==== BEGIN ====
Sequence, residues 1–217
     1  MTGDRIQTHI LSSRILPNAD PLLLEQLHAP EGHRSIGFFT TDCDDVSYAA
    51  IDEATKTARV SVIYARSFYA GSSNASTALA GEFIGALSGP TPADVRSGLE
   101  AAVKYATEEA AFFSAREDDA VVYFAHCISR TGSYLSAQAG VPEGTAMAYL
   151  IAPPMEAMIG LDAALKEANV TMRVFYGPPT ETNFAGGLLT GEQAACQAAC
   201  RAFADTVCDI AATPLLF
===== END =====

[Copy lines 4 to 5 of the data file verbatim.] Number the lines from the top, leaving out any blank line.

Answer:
   101  AAVKYATEEA AFFSAREDDA VVYFAHCISR TGSYLSAQAG VPEGTAMAYL
   151  IAPPMEAMIG LDAALKEANV TMRVFYGPPT ETNFAGGLLT GEQAACQAAC